ON THE BEACH MANZANITA: by Bruce Parker
It seems, as one becomes older, That the past has another pattern, and ceases to be a mere sequence — T. S. Eliot, “The Dry Salvages”
The smallest of waves sweeps the shallows and washes back
into oncomers — a white line forms, rips across
barely submerged sand, a lightning bolt of seawater.
The mind sweeps its memories back across incoming time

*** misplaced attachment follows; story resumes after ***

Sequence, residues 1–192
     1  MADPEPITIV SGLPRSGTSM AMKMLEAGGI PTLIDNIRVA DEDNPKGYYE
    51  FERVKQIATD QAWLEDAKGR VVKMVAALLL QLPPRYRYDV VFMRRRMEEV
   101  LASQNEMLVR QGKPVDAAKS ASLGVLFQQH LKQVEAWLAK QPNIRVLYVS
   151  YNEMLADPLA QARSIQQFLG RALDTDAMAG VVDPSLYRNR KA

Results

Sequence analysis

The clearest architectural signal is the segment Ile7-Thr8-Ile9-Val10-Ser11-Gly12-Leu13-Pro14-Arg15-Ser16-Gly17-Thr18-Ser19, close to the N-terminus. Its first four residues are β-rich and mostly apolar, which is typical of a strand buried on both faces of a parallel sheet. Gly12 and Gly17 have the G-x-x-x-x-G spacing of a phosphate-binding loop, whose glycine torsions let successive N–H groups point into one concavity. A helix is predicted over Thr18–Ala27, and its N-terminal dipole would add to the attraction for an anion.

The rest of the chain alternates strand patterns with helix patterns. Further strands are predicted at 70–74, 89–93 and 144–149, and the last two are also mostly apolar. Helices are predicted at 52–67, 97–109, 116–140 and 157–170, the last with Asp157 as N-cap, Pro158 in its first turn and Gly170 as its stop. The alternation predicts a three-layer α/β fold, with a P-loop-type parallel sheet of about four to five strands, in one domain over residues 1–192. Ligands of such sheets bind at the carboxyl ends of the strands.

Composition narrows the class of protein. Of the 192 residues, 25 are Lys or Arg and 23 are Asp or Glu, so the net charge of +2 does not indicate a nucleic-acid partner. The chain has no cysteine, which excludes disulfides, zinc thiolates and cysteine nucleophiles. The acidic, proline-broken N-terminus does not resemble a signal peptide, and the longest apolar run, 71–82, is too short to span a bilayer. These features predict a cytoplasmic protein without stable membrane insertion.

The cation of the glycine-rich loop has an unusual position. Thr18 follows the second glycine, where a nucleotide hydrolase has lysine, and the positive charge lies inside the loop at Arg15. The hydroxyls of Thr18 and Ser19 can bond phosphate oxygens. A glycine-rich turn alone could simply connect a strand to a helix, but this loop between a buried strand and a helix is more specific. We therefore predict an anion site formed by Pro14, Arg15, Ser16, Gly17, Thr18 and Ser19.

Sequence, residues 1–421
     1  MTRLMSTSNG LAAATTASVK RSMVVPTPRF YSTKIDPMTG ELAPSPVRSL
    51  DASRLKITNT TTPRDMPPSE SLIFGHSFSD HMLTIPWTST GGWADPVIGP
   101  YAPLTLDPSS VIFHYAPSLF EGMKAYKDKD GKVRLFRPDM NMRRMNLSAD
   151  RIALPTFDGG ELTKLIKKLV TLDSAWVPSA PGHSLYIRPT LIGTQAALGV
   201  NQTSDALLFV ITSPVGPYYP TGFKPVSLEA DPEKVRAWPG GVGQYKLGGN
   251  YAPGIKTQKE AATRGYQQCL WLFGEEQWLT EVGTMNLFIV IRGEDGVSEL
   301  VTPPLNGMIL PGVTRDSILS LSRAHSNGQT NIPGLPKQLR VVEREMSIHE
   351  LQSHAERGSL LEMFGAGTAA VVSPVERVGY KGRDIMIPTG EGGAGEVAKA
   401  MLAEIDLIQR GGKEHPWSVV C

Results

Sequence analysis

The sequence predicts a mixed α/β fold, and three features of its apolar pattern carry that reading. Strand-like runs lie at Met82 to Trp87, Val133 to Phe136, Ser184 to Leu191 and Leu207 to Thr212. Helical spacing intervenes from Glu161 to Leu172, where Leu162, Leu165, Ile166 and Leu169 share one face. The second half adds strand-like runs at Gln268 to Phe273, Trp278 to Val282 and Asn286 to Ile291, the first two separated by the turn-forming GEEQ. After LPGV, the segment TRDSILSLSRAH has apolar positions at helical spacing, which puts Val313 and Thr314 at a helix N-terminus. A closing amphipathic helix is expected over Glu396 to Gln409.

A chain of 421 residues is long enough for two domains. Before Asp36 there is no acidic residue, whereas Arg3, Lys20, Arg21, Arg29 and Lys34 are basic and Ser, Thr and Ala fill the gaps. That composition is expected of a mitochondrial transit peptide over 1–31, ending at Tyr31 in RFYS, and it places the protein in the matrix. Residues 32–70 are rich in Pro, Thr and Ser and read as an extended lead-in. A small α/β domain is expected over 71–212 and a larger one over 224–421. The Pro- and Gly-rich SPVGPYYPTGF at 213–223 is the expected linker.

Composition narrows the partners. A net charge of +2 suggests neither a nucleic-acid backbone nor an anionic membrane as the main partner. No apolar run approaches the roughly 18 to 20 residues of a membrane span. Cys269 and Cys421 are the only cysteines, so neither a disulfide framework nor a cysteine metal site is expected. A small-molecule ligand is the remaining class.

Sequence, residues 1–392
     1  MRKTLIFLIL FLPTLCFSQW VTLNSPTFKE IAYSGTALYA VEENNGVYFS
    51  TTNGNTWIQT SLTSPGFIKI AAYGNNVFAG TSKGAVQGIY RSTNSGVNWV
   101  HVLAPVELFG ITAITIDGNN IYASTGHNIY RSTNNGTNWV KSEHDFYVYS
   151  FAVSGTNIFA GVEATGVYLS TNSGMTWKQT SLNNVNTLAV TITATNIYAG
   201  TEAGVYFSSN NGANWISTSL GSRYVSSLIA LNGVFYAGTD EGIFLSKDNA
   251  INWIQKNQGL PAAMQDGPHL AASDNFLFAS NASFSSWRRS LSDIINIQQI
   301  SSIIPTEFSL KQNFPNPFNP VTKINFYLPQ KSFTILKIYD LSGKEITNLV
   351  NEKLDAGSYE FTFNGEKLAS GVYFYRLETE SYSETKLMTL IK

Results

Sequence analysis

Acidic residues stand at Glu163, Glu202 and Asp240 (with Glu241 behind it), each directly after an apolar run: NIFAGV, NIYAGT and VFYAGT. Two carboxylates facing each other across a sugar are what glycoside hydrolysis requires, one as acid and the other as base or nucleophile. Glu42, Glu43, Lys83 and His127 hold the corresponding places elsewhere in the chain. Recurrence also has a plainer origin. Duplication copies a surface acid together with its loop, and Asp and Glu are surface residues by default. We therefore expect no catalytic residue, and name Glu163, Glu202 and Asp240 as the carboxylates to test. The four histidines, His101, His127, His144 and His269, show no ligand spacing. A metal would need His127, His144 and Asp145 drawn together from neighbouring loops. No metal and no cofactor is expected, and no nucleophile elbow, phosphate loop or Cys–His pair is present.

like a swirling pattern of unceasing sea, fractal yet fragmented,
touched and rearranged by embers of significance which glow,
sheet lightning in a thunderhead of the brain.
Seeing this ocean compound its movement,
on a walk with a lover, was sudden illumination, a glimpse
of understanding how the universe works, unsequenced,
developing nothing but moments, brief moments of happiness.
Love circles back to a wet embrace with an oncoming other,
shivers, slides swift and silent to light the memory
here and there in no order at all.